In 2010 trouble set in again. “I started experiencing really blurry vision and felt odd,” recalls Michael. “I was off to the hospital again where they had to give me two shots of insulin to get my blood sugar down.” He was sent to a new endocrinologist after being released. Like all the other doctors, he was adamant about the weight problem.” This time the drug Byetta was added.
Finding the right combination of medicine can be an adventure in trial and error. Michael is a perfect example of the many individuals who take multiple medications to control blood sugars.
Medications were only going to do so much for maintaining the disease. Many of the doctors Michael visited gave the same advice on diet and exercise, but didn’t seem concerned about getting him motivated or educated about managing his disease. Fortunately for Michael the new doctor sent him for a three day intensive workshop with a certified nutritionist.
“We all think we know what’s right to eat, and in some vague sense we do, but I love to eat and always have; it’s a hard habit to break. It’s the easiest thing in the world to say I’ll eat better tomorrow, or next week, or next month.” Finally sent along the right path, Michael’s health saw dramatic improvement.
While taking the nutrition class Michael began to understand that diet was as important to a diabetic as taking medicine. Carbohydrate counting, meal planning, and food combining were explained in detail. “Even with all this help it seemed a bit overwhelming. I mean, who can keep track of all that!” His health scare made him determined to learn as much as he could about managing his diabetes.
The nutritionist grabbed Michael’s attention with these magic words:
For those of you that are tech savvy, we have apps for your smartphones. With them you can track what you eat, download lists of carbohydrates from most chain restaurants, learn portion sizes, and calculate carbs for foods you eat at home.
Michael explained his excitement, “I am an App freak. I have a bowling app that I use when I’m in league to help me keep track of what I’m doing. I’m an accountant by profession so numbers I understand! This was going to be a new game for me. I love keeping track of stuff!”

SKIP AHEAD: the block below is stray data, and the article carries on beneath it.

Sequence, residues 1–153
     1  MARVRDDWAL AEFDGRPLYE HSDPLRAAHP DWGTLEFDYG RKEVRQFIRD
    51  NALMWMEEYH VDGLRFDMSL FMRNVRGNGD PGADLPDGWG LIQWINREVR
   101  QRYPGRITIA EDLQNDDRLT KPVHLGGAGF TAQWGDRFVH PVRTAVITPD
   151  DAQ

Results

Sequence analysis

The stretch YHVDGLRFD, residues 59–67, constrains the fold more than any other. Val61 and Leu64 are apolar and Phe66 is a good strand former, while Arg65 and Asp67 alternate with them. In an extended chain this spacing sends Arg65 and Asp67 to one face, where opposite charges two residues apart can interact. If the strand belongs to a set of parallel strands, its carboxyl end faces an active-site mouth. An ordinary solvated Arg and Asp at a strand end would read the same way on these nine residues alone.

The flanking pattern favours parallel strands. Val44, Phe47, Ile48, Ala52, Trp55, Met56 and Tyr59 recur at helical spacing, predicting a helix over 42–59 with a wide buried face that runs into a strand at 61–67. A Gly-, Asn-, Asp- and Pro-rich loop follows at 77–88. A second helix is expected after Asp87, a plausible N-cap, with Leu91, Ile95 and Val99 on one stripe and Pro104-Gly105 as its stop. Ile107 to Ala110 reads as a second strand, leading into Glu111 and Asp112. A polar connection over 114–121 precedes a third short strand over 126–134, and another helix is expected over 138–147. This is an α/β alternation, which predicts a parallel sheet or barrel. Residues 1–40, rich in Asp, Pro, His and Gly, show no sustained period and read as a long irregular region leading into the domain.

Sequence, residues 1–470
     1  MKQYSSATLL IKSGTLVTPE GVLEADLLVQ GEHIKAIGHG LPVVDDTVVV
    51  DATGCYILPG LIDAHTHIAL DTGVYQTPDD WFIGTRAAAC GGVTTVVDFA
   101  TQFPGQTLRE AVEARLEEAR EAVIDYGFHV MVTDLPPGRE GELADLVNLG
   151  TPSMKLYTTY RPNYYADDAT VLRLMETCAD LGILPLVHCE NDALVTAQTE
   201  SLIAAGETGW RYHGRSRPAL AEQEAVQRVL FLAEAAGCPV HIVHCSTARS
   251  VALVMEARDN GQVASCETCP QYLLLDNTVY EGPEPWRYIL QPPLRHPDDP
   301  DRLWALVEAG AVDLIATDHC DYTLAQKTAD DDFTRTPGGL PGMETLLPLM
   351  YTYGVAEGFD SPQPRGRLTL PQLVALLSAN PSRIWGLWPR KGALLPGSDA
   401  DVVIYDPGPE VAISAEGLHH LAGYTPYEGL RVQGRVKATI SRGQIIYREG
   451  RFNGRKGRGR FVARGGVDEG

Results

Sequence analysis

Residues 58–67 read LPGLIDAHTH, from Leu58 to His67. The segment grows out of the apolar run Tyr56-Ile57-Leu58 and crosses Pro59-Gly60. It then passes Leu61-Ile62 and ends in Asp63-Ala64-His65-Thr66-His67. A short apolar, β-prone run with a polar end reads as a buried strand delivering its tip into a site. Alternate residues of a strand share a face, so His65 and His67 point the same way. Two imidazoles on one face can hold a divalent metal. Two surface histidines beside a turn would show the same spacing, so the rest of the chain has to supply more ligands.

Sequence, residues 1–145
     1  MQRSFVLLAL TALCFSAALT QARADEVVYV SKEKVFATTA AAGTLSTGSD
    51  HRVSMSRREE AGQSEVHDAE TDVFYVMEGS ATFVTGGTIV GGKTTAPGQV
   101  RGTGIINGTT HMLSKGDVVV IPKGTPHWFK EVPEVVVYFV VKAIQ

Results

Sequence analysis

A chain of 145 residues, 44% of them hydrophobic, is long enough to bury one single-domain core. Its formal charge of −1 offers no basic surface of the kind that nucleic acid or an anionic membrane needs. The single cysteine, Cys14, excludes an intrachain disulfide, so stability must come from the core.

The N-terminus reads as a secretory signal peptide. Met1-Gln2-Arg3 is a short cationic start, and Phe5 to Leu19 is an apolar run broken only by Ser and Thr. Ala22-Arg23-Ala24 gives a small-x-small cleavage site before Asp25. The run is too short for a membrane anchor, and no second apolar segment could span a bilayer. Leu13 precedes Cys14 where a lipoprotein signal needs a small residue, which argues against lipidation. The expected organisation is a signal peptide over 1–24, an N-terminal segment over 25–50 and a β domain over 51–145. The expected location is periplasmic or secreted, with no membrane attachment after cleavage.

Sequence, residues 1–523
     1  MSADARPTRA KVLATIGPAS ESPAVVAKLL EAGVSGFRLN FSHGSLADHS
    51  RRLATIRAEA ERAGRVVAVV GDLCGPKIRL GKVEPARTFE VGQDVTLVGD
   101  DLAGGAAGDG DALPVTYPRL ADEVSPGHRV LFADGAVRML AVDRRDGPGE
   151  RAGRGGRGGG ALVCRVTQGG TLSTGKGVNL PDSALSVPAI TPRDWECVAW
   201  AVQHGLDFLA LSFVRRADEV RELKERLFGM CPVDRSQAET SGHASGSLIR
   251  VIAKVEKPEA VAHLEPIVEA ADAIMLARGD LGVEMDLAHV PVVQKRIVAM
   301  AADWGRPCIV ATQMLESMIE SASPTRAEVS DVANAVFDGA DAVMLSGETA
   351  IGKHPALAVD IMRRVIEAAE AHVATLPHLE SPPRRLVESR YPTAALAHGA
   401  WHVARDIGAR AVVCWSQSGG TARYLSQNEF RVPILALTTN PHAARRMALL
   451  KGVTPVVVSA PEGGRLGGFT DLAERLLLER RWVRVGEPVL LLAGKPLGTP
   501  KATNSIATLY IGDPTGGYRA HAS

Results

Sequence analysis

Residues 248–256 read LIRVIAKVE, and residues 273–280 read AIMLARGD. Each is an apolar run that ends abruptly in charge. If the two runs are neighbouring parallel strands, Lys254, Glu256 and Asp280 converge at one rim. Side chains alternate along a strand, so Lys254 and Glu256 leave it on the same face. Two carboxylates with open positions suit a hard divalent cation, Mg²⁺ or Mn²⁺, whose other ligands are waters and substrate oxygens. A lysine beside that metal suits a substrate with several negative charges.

Within 23 months Michael dropped from 275 pounds to 225. His blood tests that determine a three-month average of blood sugars, called a hemoglobin A1C, dropped to healthy levels. His energy levels rose, and he began to feel great.
When Michael went to the class, his partner Bill attended as well. “We’re constantly together, so we eat at the same time. I am always pulling out my phone to check carbs and portion sizes so Bill has lost weight along with me.”
When friends and family understand it’s all about controlling the disease and staying healthy, they become your cheerleaders. Michael admits having his partner aware of how he should eat is a big help. “Having constant back up and a voice of concern from someone who cares is a major motivator for me. Well, MOST of the time anyway!” But like life, sticking to a diet has its ups and downs.
“I’m still a work in progress,” admits Michael. “Being a stress eater has its challenges.” Currently Michael has regained about 15 pounds and his A1C is up some. “Yep….tax season is getting me again. Once it calms down and we get into summer I’m sure I’ll shed some of those pounds.”
Michael checked his watch and realized his lunch break was over. With a hand shake and a nod, Michael got up to leave. It was time for him to get back to work on those taxes. Driving off in his red Honda, he rolled down the window and yelled as he rolled out of sight, “Merry Christmas to all, and to all a good night!”